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River Profiling

by Cliff Jacobson

Let's say you are planning to canoe a river in northern Canada or Alaska. A trip guide, which you got off the Internet, says the rapids are "mostly canoeable". The question is, which ones are not?

A river profile will provide the answers. Here's how to make one:

  1. First, draw (use a highlighter) a broad line along each side of the river, parallel to your route. This helps you “keep your eye on the road” while you paddle (see practice map).
  2. Mark the miles from beginning to end. I mark each mile on 1:50,000 scale (1 inch = 1.25 miles) maps and every 4 miles on 1:250,000 scale (1 inch = 4 miles) maps. Mile zero can be at the start or the end—your call. I prefer to start numbering from the end: that way, I can tell at a glance the number of miles that are left to go.

    Now, take a hard look at your numbers: Are you too ambitious? The rule on northern routes is 15 miles a day, plus one "down day" in five for bad weather and the unexpected. Now, into my seventies, I think 10 miles a day is a better plan.

  3. Mark all potential dangers (falls, rapids, dams etc.) that are indicated on the map. Then make a river profile to see how much the river drops per mile.
  4. The contour interval (CI)-- or vertical distance between contour lines-- is given in the lower map margin. It equals 100 feet on the practice map pictured below (Figure 2-1 from my book, CANOEING WILD RIVERS, 5th Edition). This means the river drops 100 feet for every contour line that intersects it.
  5. Draw an arrow at every point a contour line crosses the river. Write the elevation of the contour next to the arrow, and circle it. The 800, 700 and 600 foot contours, etc. are circled on the practice map.


Make a table like the one illustrated (above), and enter the data. Example: The 800 foot contour line crosses the river at mile 63. The next contour (700 feet) crosses at mile 69. It's 6 miles from mile 63 to 69. Thus, the river drops 100 feet (800’-700’=100’) in 6 miles. Divide 100’ by 6 and you get 17 ft. per mile of drop over this distance.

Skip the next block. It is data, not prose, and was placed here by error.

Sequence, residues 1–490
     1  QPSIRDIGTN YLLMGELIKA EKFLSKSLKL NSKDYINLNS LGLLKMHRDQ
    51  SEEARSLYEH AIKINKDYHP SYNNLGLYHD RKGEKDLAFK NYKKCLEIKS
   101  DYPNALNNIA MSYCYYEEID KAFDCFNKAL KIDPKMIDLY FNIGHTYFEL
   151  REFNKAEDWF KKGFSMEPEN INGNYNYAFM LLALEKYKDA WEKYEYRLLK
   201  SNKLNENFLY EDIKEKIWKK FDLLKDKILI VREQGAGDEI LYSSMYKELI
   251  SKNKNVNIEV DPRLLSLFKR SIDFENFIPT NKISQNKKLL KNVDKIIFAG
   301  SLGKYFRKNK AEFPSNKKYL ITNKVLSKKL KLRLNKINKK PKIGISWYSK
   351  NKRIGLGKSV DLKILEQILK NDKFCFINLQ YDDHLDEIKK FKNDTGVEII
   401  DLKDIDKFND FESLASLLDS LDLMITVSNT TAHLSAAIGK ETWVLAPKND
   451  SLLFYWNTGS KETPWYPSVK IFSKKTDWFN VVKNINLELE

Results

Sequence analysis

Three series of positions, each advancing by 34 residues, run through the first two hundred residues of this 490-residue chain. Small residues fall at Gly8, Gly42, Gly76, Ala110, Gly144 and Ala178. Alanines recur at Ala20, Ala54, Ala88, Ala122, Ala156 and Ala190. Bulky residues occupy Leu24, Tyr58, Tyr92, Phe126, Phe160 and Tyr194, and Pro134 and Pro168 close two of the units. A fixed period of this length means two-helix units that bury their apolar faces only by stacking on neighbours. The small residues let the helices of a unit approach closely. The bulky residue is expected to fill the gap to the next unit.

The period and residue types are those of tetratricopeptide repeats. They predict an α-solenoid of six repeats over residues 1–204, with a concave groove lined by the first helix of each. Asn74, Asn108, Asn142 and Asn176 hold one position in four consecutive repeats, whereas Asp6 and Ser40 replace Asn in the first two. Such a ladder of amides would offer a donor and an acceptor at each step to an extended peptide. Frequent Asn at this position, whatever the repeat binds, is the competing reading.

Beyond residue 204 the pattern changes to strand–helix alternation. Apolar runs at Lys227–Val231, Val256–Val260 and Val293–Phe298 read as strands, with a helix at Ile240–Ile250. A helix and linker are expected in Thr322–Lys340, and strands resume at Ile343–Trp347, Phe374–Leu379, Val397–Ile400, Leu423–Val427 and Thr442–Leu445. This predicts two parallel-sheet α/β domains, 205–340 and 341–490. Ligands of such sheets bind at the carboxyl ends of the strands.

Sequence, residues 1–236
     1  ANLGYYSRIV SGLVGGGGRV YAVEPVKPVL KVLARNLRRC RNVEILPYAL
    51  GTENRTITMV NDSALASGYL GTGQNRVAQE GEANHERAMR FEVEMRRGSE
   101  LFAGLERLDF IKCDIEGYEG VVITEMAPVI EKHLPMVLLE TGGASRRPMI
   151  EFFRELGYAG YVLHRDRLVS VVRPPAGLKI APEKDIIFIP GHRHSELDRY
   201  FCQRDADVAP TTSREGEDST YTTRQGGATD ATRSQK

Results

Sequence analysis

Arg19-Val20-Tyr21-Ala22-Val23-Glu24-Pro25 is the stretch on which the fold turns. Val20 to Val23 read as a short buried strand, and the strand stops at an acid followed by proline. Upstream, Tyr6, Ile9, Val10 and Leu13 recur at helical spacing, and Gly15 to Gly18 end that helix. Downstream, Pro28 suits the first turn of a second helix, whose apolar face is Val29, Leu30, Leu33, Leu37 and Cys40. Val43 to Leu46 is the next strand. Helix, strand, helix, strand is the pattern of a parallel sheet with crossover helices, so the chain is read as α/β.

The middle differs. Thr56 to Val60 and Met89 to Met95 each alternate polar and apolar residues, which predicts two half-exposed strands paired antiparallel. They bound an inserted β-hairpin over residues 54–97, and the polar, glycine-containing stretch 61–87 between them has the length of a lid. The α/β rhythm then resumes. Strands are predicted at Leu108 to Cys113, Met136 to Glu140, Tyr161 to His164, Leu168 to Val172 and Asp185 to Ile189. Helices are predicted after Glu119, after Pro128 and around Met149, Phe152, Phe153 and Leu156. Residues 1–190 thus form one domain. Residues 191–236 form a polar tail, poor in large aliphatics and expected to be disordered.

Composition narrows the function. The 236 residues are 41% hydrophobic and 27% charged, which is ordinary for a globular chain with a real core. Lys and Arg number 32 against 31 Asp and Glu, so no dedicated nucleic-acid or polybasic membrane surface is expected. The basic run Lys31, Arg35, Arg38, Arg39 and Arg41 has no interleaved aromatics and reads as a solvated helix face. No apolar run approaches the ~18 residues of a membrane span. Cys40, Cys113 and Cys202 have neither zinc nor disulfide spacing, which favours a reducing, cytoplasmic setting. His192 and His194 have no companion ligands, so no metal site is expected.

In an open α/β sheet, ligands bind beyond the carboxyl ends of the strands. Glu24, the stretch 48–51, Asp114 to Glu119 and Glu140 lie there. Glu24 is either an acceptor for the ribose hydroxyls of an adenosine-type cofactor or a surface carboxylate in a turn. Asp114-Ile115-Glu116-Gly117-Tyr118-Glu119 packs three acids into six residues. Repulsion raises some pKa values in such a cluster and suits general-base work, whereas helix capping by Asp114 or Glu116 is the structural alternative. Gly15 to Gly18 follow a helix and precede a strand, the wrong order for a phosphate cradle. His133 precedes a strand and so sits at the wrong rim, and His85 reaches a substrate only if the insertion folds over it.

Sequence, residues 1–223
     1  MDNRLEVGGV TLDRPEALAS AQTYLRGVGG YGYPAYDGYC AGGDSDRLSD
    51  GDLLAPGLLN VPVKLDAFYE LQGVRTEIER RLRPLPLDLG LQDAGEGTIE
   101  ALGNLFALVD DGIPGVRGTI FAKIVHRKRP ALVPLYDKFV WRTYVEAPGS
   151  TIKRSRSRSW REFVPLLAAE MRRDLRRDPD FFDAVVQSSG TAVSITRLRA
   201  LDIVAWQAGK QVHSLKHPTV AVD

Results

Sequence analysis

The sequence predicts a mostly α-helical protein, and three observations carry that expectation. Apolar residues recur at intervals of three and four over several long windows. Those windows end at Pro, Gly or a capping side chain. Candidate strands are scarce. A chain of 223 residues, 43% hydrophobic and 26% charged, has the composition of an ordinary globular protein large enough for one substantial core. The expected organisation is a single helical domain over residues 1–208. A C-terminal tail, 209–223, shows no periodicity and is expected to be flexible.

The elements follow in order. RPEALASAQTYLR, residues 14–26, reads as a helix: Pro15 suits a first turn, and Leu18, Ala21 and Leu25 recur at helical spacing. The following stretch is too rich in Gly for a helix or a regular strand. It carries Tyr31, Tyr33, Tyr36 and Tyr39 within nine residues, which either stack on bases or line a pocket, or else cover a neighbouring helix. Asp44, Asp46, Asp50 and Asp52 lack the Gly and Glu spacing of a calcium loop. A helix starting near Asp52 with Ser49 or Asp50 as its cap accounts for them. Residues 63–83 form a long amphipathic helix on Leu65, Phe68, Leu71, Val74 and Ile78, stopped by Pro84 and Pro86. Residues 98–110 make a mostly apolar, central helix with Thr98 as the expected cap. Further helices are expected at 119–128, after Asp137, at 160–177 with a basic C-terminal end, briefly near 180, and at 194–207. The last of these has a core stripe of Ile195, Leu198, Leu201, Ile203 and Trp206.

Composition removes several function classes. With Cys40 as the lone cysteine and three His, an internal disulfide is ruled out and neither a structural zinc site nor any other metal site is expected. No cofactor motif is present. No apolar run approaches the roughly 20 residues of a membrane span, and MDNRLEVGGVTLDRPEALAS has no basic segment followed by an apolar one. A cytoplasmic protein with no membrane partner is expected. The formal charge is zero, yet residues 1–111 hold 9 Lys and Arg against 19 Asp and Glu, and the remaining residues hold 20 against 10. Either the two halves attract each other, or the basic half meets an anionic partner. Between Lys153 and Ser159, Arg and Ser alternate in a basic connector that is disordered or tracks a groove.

To continue: The 600 foot contour crosses at mile 83. From mile 69 (the 700' contour) to mile 83 (600' contour) = 14 miles. Divide the 100 foot drop by 14 miles and you get a drop of 7 feet per mile.

To the experienced paddler, drop figures conjure a vivid picture of a river's personality. Three to 5 feet per mile is lazy cruising; 10-15 feet per mile brings a smile; 20 means a probable portage, and 30 or more approaches the limit of an open canoe. Exceptions abound and largely depend upon "how the drops occur" (i.e. whether they are spread uniformly over a long distance, or come as a single falls or short rapid). Rivers that have uniform drops — even in excess of 30 feet per mile — are often pleasantly paddleable. Many Arctic rivers flow at this speed and are nicely canoeable. When I canoed the Kautikeino River in Finland, a three mile section of river dropped 62 feet per mile — and it was "courageously canoeable!" Bottom substrate (sand or rock) is a clue: Sandy bottom rivers tend to erode uniformly and produce canoeable rapids; rocky ones, like those on the Canadian shield, do not.

SOME MAP TIPS

  1. I use Thompson's Water Seal (available at hardware stores) to waterproof my paper maps. I paint it on with a foam varnish brush then allow it to dry. TWS makes maps completely waterproof — and you can write over them with a pencil (not a pen). I place my TWS-treated maps inside a large waterproof map case which is secured under a length of shockcord on the aft canoe thwart. This provides instant visibility and reasonable security. When rapids loom ahead, I stuff the map case into the nearest pack.
  2. Map cases: I’ve tried many different ones but my favorite is the one made by Cooke Custom Sewing in Lino Lakes, Minnesota. It's a slightly downsized copy of the giant military map case I had when I was an army liaison officer in Germany. The large, clear-sided (both sides) case accepts up to a dozen, slightly folded, full-sized topographic maps. The nylon case can be folded or rolled. There are attachment points for a carrying strap. The mouth seals with Velcro, so the case isn't 100 percent watertight. But no matter if the maps are pre-treated with TWS.

My book, CANOEING WILD RIVERS, 5th Edition, contains more detailed information on this subject.  www.cliffcanoe.com

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